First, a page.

Choreography by Liv Lorent, scenario by Carol Ann Duffy, music by Murray Gold
Gala Theatre, Durham

Rapunzel Credit: Bill Cooper
Rapunzel Credit: Ravi Deepres
Rapunzel Credit: Bill Cooper
Rapunzel Credit: Bill Cooper

balletLORENT’s new work is a sumptuous and entrancing retelling of the fairytale by the Brothers Grimm. Performed on a set (by Phil Eddolls) which is in many ways reminiscent of nineteenth century fairy story illustrations, and with costumes by Game of Thrones costume designer Michele Clapton which match the feel of the set, Rapunzel is perhaps the most balletic and romantic of Liv Lorent’s work since LUXURIA.

That’s not to say that it is in any way old-fashioned; indeed in it we can see much of Lorent’s trademark movement language, some of which—such as climbing and hanging from overhead bars, as well as the reversal of gender roles in pas de deux—she explored in detail in la nuit intime.

But it is romantic, even though Carol Ann Duffy’s scenario (spoken here by actress Lesley Sharp) does not shy away from the darker elements of the tale.

It does not, for example, just forget about Rapunzel’s mother and father and the pain they feel on losing their child, but they remain there, always in the background, a reminder of the darker reality. And when the Witch gets Rapunzel, she can’t let go as the child matures into a young woman. Her rage on discovering that Rapunzel has been seeing the Prince is, perhaps, an exaggerated version of the feelings of many parents as their daughter grows away from them and finds another love.

But the ending is, of course, happy—and the audience loved that!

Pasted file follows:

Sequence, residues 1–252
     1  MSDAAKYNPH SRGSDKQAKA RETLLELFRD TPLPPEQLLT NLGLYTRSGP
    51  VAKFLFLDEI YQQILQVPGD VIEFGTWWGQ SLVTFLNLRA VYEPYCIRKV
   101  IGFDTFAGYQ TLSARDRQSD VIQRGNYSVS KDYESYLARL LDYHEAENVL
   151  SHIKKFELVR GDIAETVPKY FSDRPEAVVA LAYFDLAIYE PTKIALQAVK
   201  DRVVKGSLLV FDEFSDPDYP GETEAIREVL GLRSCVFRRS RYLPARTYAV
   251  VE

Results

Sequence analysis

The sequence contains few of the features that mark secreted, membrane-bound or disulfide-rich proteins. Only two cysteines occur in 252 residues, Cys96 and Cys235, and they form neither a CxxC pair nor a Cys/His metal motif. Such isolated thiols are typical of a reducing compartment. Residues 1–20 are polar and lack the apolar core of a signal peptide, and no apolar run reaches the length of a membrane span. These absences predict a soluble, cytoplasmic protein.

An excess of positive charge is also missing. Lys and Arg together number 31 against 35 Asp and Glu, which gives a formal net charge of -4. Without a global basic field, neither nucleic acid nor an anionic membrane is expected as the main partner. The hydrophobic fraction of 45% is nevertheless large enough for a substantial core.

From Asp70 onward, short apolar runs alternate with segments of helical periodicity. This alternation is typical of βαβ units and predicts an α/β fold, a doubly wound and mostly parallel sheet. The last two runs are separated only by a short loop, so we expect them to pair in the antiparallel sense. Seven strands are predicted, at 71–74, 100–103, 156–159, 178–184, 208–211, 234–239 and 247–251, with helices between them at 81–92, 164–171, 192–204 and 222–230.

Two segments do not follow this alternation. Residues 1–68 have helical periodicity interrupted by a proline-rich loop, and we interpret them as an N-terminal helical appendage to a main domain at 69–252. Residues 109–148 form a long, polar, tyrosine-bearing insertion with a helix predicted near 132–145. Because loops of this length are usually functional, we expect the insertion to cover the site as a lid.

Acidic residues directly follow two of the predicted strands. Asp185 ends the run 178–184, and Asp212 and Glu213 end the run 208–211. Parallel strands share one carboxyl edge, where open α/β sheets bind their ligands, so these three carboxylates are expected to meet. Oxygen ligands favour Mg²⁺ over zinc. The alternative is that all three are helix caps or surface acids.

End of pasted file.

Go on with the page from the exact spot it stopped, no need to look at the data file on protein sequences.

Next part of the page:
The first night audience was very mixed, with ages ranging from under 10 to well over 70, and the buzz at the end was palpable. Everyone had enjoyed it thoroughly.

I was much taken by the opening, which felt like the first chorus scene of a panto in which the villagers and their children play, dance and generally enjoy themselves. There were five toddlers (with a parent) for that “Ah” factor and—which particularly impressed me—thirteen 11- to 17-year-olds (who attend the Centre for Advanced Training programme at Newcastle’s Dance City) who were involved not just in the opening scene, nor just as supernumeraries in the body of the piece, but who were given some “real” dance to do throughout. They were an integral part of it all, and in fact had been involved in the creation of the piece.

But of course the whole weight of the piece falls on the performers and the balletLORENT dancers do not disappoint. It is truly an ensemble piece and it would be invidious (and, frankly, impossible) to pick out anyone for particular praise.

The production travels to Hull in November, Newcastle in February 2013, Sadler’s Wells in March and Oxford in April, with other dates to be confirmed.

Reviewer: Peter Lathan

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